The lights are on
From Crash Bandicoot to Uncharted, Naughty Dog has a history of putting out top-notch entertainment. The studio is jam-packed with talented game creators. So many, in fact, that two years ago the company expanded to form a second team, which would eventually develop The Last of Us. But before the first glimpses of Joel and Elle’s post-apocalyptic survival tale wowed gamers, Naughty Dog was working on a next-generation reboot to the lauded Jak and Daxter series. This is the story of how Naughty Dog’s new team started work on a Jak game that would never see the light of day.
Following the success of Uncharted 2, Sony wanted to license out the game’s engine to make more great-looking blockbusters, but, due to technological factors, Naughty Dog ended up being the only studio that could actually use it. The game’s warm reception also brought up the inevitable side effect of competitors trying to poach the talented team. Thus, Naughty Dog proposed creating a second team in order to release more games using their engine and Sony agreed instantly. It also opened up new promotional opportunities for talented staffers and helped keep the headhunters at bay.
The thumbs-up from Sony meant the brain storming process could begin, and one of the first ideas was to return to Naughty Dog’s PlayStation 2 duo. “We’d all talked about it in interviews with fans asking ‘When’s the next Jak and Daxter?’ says Wells. “I don’t know if this is going to make them happy or sad, but we did explore the idea fairly extensively.”
Naughty Dog wanted to find a way to apply elements from Uncharted 2’s award-winning game design to Jak and Daxter. The team experimented with implementing Uncharted-style narrative techniques and rendering Jak and Daxter in the same realistic style seen in the company’s gorgeous PS3 games. According to Wells, the new project would be a departure from slapstick, comic book-tone of previous games. But before full-blown work could begin on the game Naughty Dog would have to create new, more realistic versions of the titular heroes.
“We dug around trying to find the core of Jak and Daxter,” says creative director for The Last of Us, Neil Druckmann. “Who are the characters? We had to reboot it essentially. Every time we got excited about an idea we’d take a step back and look at it and be like ‘It’s not Jak and Daxter, are we just slapping the name on it for marketing reasons?’”
The lighthearted Daxter proved to make the transition from wacky hijinks to a more grounded experience particularly difficult.
“There’s a lot of baggage that comes with Daxter,” says The Last of Us director Bruce Straley. “If he’s not lighthearted and slapsticky and fun then he’s not Daxter to the fans. We were thinking what if he’s mute? What if he’s this? We had all these ideas that made Daxter interesting, but then we’re still trying to be creative within that box of ‘I have this rodent on my shoulder.’”
“It started feeling like a compromise,” says Druckmann. “The more we tried to make Jak and Daxter like we wanted to, it didn’t feel like things were matching up. We have folders and folders filled with scrapped ideas.”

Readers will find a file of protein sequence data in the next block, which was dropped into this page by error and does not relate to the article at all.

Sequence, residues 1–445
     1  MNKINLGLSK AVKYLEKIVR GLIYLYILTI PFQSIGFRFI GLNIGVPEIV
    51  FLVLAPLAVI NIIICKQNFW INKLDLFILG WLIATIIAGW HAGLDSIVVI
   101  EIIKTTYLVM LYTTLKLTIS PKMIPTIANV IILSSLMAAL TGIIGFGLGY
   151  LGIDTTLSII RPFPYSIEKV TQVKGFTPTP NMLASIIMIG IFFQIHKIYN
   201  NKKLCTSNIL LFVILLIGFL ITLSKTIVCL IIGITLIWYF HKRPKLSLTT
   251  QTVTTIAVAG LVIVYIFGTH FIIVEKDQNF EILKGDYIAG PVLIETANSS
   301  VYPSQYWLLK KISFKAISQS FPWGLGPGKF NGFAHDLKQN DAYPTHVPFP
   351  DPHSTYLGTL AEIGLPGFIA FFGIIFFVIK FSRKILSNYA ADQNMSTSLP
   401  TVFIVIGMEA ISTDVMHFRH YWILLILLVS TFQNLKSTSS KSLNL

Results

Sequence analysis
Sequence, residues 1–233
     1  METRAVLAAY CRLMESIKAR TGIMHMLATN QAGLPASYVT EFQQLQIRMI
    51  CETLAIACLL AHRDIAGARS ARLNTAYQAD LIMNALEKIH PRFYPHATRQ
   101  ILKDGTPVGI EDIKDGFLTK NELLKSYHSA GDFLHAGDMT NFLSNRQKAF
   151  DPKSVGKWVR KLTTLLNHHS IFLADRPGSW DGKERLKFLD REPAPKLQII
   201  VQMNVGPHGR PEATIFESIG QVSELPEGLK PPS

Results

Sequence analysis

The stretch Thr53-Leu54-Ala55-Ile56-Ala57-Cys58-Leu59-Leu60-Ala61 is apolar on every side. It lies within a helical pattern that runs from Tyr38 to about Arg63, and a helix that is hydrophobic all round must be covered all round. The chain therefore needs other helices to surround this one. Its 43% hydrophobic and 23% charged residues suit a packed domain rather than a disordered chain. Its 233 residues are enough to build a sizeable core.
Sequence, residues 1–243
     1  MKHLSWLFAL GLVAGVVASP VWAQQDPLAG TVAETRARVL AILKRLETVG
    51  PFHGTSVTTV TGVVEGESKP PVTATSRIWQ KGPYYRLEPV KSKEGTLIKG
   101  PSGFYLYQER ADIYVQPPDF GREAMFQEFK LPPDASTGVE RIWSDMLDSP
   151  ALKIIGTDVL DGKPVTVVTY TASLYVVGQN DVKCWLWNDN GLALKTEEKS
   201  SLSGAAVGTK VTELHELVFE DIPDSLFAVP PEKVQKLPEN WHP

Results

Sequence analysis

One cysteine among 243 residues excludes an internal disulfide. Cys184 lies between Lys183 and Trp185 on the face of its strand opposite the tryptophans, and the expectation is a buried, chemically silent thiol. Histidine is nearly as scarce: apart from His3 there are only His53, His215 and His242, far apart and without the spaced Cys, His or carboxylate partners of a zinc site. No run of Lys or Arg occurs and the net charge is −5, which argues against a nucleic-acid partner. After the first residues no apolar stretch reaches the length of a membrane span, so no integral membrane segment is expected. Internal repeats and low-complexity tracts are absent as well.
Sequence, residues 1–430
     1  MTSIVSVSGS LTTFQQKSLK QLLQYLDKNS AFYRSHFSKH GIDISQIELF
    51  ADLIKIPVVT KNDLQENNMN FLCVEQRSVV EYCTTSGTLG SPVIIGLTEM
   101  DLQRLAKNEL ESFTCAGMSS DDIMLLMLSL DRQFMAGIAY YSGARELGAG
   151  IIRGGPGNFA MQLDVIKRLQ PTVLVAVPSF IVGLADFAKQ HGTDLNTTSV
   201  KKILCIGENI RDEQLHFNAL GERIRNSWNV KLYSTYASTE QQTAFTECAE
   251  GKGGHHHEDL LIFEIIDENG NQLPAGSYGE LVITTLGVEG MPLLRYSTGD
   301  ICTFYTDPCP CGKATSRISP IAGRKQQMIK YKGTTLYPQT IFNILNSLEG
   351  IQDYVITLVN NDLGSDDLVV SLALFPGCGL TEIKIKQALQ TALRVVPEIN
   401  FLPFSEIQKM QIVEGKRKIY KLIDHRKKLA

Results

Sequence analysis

Note: The artwork in this article is not from the abandoned Jak and Daxter game
Naughty Dog opened up a select few of these folders to offer us a glimpse of early concept art for the abandoned Jak and Daxter reboot. We saw a much more humanoid version of Jak, lacking pointy ears but retaining similar clothes, features, green facial hair, and fit physique. His signature yellow locks remained, however, with sketches showing it off in everything from dreadlocks to messy spikes.
Early examples of Daxter’s transformation were more extreme. We saw an orange, goggled, ferret-like animal with expressionless eyes perched upon Jak’s shoulder. Several additional sketches highlighted Daxter’s beastly qualities, in accordance with the attempt to reboot the series with slightly more realism. Daxter’s expressive facial expressions and big eyes returned in other pieces of concept art, but the non-cartoony look still made the critter difficult to recognize.
Things just weren’t clicking into place.
“All the ideas just started to feel like they were going so far away from what made Jak and Daxter Jak and Daxter,” says Wells. “Even though we wanted to give fans another Jak and Daxter, we felt we weren’t going to give them the game that they wanted, and that we would end up either limiting the direction that the company had this passion for while simultaneously not creating the game that fans wanted. We just realized we were going to just do everybody a disservice.”
Shelving the Jak and Daxter ideas meant the team could begin work on a fresh idea. Shedding the restrictions of an existing IP allowed directors Druckmann and Straley to let their creative juices flow and explore whatever they wished. One day Straley arrived at work having watched an interesting episode of BBC’s Planet Earth. He enthusiastically told Druckmann about the disturbing yet beautiful footage of a fungus that would effectively turn colonies of ants into zombies. Enthused, the two talented creators would mold their inspiration into the team’s new project, The Last of Us.
Fans shouldn’t see Naughty Dog’s halted attempt at a Jak and Daxter reboot as an omen that the series will never return, however. There is still hope.
“Never say never,” warns Wells. “It could happen. Naughty Dog’s got a long history and I think it’s got a long future so to say we’ll never go back is kind of crazy but right now we’ve got [The Last of Us] that we’re definitely going to be supporting. I guess there’s a possibility that the Uncharted team could move on to Jak and Daxter. It’s still up in the air, but I wouldn’t think that’s going to happen, because I think we’d run into all of the same problems with that team that we did with this team.”
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